Article

The Culture: An Upside To Downturn

When Did Surfing Become So Complicated?

| posted on July 22, 2010

For something as simple as riding a wave, surfing can be an extraordinarily complicated affair.

Simple: Take board to water. Catch wave. Stand on wave. Repeat steps two and three.

?Complicated: Purchase $4,000 all-inclusive travel package from [SURF TRAVEL COMPANY A], stuff [SURF INDUSTRY BRAND B] travel bag with [SURF INDUSTRY BRAND C] logo clothes, pack four to eight late-model surfboards from [CURRENTLY SIGNIFICANT SURFBOARD SHAPER D] into two lightweight, four-wheeled surfboard coffins made by [GENERALLY ACCEPTED SURF BAG MANUFACTURER E], fly halfway across the world, board a boat skippered by [CELEBRITY BOAT CAPTAIN F], carry on about the existential joys of traveling, etc. etc. etc.

Surfing became complicated when it became monetized. Recent history is testament to that fact, as we now consider our status while licking our wounds in the trough of a great period of excess.

No matter how much we romanticize it, surfing does not exist as separate and apart from the real world.Recent years are best characterized as having been void of rationalism and debauched with excess, and surfers were no different. Because surfers are a highly suggestible lot, and only two, three years ago, we were out of control. Surfing was “booming,” we told ourselves, and the evidence was everywhere: magazines were lousy with advertising, surf companies starting up in every warehouse in and around Orange County. We bought boards two and three at a time. Brand-new suits. We “invested” in condos steps from the beach purchased with 3/1 ARMs, because “land—they’re not making any more of it.” And “board collecting,” we said, was just rated by Forbes Magazine as one of the “hottest investment trends in the U.S.”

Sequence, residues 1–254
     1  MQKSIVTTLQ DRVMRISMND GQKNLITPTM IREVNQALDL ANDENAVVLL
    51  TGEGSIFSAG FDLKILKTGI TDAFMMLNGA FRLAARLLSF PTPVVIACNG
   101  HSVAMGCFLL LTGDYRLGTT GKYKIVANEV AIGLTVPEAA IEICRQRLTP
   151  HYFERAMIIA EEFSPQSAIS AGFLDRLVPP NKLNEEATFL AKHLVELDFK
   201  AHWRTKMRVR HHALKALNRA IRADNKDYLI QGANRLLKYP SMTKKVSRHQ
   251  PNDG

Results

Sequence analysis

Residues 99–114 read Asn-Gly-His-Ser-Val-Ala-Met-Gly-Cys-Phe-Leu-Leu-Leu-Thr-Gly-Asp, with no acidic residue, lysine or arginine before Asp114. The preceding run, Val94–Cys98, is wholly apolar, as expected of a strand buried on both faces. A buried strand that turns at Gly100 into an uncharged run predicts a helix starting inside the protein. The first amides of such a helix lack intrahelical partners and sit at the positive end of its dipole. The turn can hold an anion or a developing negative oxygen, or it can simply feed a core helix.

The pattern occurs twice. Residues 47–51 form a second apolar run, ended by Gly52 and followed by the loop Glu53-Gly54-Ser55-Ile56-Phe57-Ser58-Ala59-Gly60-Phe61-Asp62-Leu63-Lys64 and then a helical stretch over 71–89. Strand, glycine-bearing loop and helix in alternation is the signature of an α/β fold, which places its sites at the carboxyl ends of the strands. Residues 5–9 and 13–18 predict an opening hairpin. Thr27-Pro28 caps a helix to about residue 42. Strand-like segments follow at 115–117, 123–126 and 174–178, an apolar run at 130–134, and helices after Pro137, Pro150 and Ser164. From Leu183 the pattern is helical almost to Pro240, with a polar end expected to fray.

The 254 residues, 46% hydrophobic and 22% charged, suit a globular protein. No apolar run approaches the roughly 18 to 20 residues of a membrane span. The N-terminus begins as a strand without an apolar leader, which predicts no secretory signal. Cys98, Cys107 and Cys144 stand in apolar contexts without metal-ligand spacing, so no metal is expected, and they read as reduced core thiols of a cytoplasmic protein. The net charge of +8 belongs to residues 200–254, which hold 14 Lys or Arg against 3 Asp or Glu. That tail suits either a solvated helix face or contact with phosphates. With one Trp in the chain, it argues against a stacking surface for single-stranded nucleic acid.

Then we lost our collective asses.

Surfing is a simple thing, requiring a bare minimum in terms of material goods. Somewhere along the line the notion of what constituted “bare minimum”got turned around to mean blathering on about “dead” boards and “last year’s model” and “stretched-out wetsuits.” We bitched at the slightest hint of discomfort, bemoaned anything that required effort, and tried to buy our way out of these “problems.” We forgot that we come from a line of pretty tough dudes. We became prissy candy-asses, the spawn of a throwaway culture.

But then this economy thing happened, and surfing’s reality changed. For the better. Just as a tough landing after a hard fall awakens people in the real world (Americans are saving more than they have in a generation? Really?), the same can be said of the surf culture. When you don’t have much, you don’t have many options. You’re forced to make choices: Could I make this wetsuit last another year? Do I really need a new board? Is it really normal/necessary to spend four grand on a surf trip? Do I really need to spend any money, in fact, to go surfing?

This reckoning has been a long time coming, and the best part about the recession has been the trimming of the excess. Knowing what you need, and, more importantly, knowing what you don’t. Knowing that most of the items advertised in this magazine, for instance, are completely immaterial to the act of surfing.

Surfing has responded by remembering that it’s a culture, not an industry—an act, not an identity. You see this in the water a lot more now, in the faces of the people sitting next to you, focused as they are on catching waves, not on what they have.

Of course, it’s not all happy. Now the drive to the surf involves reminders of the impact of a difficult time: that half-built housing complex where construction has stopped, the mom-and-pop surf shop that was the cornerstone of the neighborhood but was forced to shutits doors, the wetsuit you pull on gingerly so as not to aggravate the slight tear in the arm, the surfboard yellowing around the rail crack.

But when we do make it to the water, we’re more focused on surfing’s simple joys: take board to water. Catch wave. Stand on wave. Repeat steps two and three.

And it’s that shift in perspective—remembering why we surf, remembering that it’s simple, that we’re lucky to be able to do it—that is making us better surfers, collectively and in the complete sense of the word, than we’ve been in some time.

There’s hope in that. The clouds are clearing now. Things seem to be looking up. Whether or not we make use of this experience is entirely up to us. The old political axiom rings true: Never waste a catastrophe.